MONTREAL — Summer camp season in Quebec has been cut short for hundreds of children who have been sent home due to COVID-19 outbreaks, only a few days after the start to some of the province's overnight camps.
Outbreaks, mostly among counsellors, have shut down at least three overnight camps across the province, Éric Beauchemin, with an association representing Quebec summer camps, said Tuesday.
"People were getting infected one after the other and before losing 25 of them, parents were asked to come and pick up their children," said Beauchemin, with Association des camps du Québec.
About 500 children and staff were sent back home over the past few days, Beauchemin said in an interview, adding that parents would be refunded for the missed days.
Overnight camps were allowed to reopen last summer after they were prohibited from operating in 2020 because of the pandemic, but Beauchemin said this year is different.
"Last year, we had mandatory measures such as PCR tests before arriving at camps, social distancing, masks," he said. "This year, we have recommendations."
The association was scheduled to meet with Health Department officials on Tuesday, and Beauchemin said he hoped to convince the government to reimpose some health orders, such as mandatory masking and COVID-19 PCR testing.
Quebec's Health Department, however, said in a statement on Tuesday that it "does not seem appropriate to systematically test all participants and employees, whether upon arrival at the camp or upon contact with a confirmed case." The department added that it was up to the camps' owners to decide whether to shut down in the event of a COVID-19 outbreak.
Beauchemin said the fact that there are little to no COVID-19 health orders in place compared with last summer, in addition to widespread staff shortages, is making the situation even harder to handle.
"We all had our guards down," he said, adding that there were no COVID-19 outbreaks during the summer of 2021.
"It's the first time we are dealing with a summer wave."
In Ontario, a large overnight camp outside Huntsville, located 215 kilometres north of Toronto, said it would close for several weeks due to an outbreak of COVID-19 among staff.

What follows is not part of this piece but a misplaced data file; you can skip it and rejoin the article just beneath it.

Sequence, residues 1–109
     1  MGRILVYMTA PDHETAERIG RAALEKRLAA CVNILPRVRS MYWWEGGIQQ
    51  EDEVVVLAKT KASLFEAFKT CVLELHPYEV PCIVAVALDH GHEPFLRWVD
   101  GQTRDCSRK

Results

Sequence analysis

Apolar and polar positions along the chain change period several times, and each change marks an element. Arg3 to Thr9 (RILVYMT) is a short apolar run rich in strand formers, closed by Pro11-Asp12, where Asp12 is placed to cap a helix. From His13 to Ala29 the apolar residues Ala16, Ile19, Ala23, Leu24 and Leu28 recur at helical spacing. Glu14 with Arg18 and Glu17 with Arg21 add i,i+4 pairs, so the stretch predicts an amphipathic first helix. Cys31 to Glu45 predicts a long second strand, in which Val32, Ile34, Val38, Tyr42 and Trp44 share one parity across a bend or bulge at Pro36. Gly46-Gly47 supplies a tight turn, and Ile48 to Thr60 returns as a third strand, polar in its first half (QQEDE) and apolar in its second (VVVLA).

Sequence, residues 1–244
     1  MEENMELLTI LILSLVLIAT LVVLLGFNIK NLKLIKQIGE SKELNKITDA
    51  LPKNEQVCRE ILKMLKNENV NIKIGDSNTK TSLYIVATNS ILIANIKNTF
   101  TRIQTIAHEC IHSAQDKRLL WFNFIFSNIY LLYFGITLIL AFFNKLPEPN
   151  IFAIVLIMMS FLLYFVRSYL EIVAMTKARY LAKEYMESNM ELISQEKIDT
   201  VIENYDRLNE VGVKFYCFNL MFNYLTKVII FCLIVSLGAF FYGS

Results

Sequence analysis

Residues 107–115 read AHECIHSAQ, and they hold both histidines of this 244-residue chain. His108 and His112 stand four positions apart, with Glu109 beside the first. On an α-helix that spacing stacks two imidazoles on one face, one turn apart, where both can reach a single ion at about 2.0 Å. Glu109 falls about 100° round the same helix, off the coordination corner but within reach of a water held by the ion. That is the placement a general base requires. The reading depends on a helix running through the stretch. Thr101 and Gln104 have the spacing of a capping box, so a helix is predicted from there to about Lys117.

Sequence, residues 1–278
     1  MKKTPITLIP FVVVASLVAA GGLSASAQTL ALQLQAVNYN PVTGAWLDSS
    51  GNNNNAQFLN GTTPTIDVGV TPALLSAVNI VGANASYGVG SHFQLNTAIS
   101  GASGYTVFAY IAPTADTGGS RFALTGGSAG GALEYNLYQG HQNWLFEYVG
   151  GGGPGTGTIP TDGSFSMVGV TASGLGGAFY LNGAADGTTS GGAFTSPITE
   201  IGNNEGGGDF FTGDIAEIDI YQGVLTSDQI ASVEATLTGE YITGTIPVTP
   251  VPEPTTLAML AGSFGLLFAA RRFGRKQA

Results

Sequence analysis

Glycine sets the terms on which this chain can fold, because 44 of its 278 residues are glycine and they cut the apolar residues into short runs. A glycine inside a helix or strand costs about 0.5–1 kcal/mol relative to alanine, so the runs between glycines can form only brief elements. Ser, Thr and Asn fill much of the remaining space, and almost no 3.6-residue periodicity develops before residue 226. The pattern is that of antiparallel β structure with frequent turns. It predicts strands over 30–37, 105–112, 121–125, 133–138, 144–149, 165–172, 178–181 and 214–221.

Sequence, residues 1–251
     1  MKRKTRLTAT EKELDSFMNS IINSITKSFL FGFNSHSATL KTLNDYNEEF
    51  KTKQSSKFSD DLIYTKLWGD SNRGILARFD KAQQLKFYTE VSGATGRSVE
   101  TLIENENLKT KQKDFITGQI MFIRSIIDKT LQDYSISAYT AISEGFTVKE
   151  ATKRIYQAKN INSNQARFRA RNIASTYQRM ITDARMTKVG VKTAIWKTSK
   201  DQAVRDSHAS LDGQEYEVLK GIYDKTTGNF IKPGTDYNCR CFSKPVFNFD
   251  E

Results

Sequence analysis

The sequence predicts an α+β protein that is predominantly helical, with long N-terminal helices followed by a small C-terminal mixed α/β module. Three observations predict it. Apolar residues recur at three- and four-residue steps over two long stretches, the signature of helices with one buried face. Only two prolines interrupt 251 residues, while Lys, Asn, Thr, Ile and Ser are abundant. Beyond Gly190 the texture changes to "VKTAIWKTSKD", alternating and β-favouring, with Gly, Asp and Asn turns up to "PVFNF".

"Unfortunately, like all industries, the summer camping industry is not immune to potential virus spread as the COVID-19 pandemic continues to affect communities across Ontario and around the world," Ontario Camps Association executive director Joy Levy said in a statement Tuesday.
Camp Ouareau, in Quebec's Lanaudière region, reported nine cases of COVID-19 on Tuesday, all among staff. Stephane Richard, the camp's director of operations, said employees started developing symptoms at the end of June, a week after the season's first campers arrived.
"It was a difficult decision to make, to close temporarily, but our priority is the safety of our campers and our staff," Richard said in an interview. He said he planned to reopen July 13.
Dr. Don Vinh of the McGill University Health Centre says the situation at camps, coupled with the rise in COVID-19 hospitalizations, suggests Quebec is experiencing a summer wave of the disease.
"The wave is now," he said in an interview Tuesday. "We need to mitigate the problem now by reimplementing some measures."
Meanwhile, Quebec reported a 147-patient rise in the number of COVID-19 hospitalizations on Tuesday. Health officials said 1,441 people were hospitalized with the disease, after 378 patients were admitted in the past 24 hours and 231 were discharged. There were 39 people in intensive care, an increase of three cases.
Vinh criticized the Quebec government for promoting a return to normal life without imposing health measures, such as proper ventilation and increased access to COVID-19 testing.
"We tried to go back to a normal life, in this case going back to camps," Vinh said.
"We should have done it safely and do things like request one or two negative rapid tests, make sure that everyone is adequately vaccinated … there should still be measures in place … so what it was, is pretend the pandemic is over when clearly it wasn't."
This report by The Canadian Press was first published on July 5, 2022.
This story was produced with the financial assistance of the Meta and Canadian Press News Fellowship.
Virginie Ann, The Canadian Press